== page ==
New accounting rules coming in 2019 will affect your ability as a business owner to get a business loan and attract investors, as well as how much business tax you pay.
Part 1 of 3
Here are the five things that tenants of commercial real estate need to know about the proposed new accounting rules that affect how leases are reported in financial statements.
1. What’s changing?
Accounting rules require companies to keep two basic financial statements.
- A balance sheet lists assets and liabilities showing what the company owns and owes. Recorded assets equal, or “balance,” recorded liabilities plus equity.
- An income statement (also called P&L) lists the company’s revenues and expenses. This makes it possible to calculate the company’s profits and losses.
The new accounting rules would eliminate the rule that tenants don’t have to list operating leases on their balance sheet.
Once imposed, the rule will require that all leases be shown on the balance sheet.
The change is to ensure that investors, banks, regulators and other stakeholders in the financial system get the information they need to make sound judgments about a company’s financial condition.
The Financial Accounting Standards Board (FASB) and International Accounting Standards Board (IASB), which set accounting rules, felt that letting tenants keep operating leases off their balance sheets was creating too big a blind spot in the financial system.
Financial statements affect a company’s ability to attract investors and get bank loans and how much it pays in taxes.
When you no longer can keep leases off your balance sheet, your total lease payment obligations over the course of the lease must be recorded as an up-front liability at the start of the lease.
Adding a massive new liability of six to eight figures to the balance sheet each time you enter into a lease may do at least some harm to your company’s financial position.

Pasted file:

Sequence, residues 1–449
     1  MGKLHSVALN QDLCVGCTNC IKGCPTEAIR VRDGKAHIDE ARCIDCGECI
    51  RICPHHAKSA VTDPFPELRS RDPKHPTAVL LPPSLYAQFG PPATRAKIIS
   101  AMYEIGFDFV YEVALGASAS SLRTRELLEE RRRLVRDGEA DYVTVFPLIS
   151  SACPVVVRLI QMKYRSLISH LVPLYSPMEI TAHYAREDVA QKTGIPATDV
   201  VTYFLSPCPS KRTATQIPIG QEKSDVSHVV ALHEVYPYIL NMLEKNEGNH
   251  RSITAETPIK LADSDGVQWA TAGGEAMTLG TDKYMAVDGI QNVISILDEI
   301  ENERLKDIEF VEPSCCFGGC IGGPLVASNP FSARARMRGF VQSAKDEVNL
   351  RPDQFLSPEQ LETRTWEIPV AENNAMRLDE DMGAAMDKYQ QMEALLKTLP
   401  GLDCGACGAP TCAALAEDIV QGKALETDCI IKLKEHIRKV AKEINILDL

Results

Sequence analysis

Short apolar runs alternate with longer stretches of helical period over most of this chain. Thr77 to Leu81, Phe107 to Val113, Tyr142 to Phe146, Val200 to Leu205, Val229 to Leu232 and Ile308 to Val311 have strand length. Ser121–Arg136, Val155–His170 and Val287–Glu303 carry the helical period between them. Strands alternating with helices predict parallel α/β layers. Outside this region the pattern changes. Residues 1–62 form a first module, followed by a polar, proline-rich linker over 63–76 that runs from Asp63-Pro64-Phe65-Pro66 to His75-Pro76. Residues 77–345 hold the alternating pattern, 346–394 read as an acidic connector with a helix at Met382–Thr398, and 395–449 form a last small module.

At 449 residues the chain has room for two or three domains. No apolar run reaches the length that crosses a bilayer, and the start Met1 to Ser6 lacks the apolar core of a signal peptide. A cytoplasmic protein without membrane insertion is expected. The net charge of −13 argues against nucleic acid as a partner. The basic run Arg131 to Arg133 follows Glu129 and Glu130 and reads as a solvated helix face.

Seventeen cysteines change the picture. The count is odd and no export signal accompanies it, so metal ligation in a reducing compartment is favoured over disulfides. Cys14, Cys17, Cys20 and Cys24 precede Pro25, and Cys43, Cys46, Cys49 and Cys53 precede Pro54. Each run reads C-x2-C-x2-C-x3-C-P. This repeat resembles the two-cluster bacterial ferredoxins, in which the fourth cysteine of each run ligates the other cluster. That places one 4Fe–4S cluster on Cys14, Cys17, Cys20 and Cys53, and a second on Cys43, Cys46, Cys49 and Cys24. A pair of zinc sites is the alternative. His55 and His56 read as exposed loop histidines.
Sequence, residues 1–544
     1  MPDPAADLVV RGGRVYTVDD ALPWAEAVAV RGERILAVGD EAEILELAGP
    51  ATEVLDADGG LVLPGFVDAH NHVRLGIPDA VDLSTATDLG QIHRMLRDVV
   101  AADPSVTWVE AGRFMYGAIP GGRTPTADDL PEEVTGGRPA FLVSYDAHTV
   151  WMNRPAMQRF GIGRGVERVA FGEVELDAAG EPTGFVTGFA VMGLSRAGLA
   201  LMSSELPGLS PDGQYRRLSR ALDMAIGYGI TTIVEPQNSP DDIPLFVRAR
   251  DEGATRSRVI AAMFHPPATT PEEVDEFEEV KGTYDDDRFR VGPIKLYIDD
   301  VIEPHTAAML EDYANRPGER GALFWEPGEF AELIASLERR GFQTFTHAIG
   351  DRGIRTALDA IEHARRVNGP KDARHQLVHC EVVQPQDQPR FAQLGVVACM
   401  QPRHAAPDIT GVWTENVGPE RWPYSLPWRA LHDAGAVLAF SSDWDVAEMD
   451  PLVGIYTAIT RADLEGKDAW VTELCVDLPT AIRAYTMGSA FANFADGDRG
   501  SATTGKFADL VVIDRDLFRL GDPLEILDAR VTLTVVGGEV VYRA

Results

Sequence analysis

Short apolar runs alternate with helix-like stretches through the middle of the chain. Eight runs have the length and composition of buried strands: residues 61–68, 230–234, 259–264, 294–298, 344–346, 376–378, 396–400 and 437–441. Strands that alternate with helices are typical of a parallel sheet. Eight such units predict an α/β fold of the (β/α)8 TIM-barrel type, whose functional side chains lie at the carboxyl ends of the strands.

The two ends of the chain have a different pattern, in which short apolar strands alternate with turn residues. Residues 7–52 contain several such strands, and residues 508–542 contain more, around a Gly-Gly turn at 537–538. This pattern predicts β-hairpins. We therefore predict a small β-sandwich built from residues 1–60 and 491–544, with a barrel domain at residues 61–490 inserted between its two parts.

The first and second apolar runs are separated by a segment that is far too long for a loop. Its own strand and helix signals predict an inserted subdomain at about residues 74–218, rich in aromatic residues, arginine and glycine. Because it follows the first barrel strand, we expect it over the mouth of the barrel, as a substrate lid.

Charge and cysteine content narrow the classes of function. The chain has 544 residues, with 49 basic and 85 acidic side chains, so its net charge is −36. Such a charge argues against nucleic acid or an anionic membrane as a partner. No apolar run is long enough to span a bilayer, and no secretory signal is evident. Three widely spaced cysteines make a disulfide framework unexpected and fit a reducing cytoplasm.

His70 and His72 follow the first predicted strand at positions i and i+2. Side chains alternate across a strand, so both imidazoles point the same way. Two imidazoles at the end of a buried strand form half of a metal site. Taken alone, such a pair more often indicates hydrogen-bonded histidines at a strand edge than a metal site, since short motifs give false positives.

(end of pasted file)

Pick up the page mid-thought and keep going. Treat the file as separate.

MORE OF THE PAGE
The more leases you make, the more your financial statements and ratios will suffer. It will be harder to attract new investment and loans. The added liabilities may even cause you to default on your current loans.
3. What are the current accounting rules for leases?
If you have an operating lease, your landlord gives you, as the tenant, a right to use land or another asset. You don’t own the asset and must return it to the landlord after the lease ends. Most standard commercial real estate leases are operating leases.
In a capital lease, you purchase an ownership interest in the leased asset.
The crucial accounting difference between the two kinds of leases is that tenants aren’t required to record operating leases on their balance sheets.
FASB and IASB are working on the rules, which are contained in the 343-page “Revised Exposure Draft” published on May 16, 2013. The rules are expected to take effect as early as Jan. 1, 2019 for public companies and Jan. 1, 2020 for private companies.
The rules will require that you look at and revise financial statements that you’re generating now.
- There’ll be no grandfathering of existing leases. All leases will have to be accounted for in accordance with the new rules on the effective date no matter when they were signed or took effect. Owners and tenants will have to revise their balance sheet and P&L before the rules actually take effect so they comply on day one.
- Financial statement revisions may be necessary. If your company is required to provide a three-year comparison in its financial statements, you’ll have to revise your 2015 and 2016 financial statements once the final rules come out.
5. What’s my first step?
In our next article, we’ll discuss what you need to do to prepare for the new accounting rules regarding commercial real estate leases. We’ll offer some strategies to best position your finances.
In the meantime, we suggest you consult your account, tax consultant or tenant representative for advice.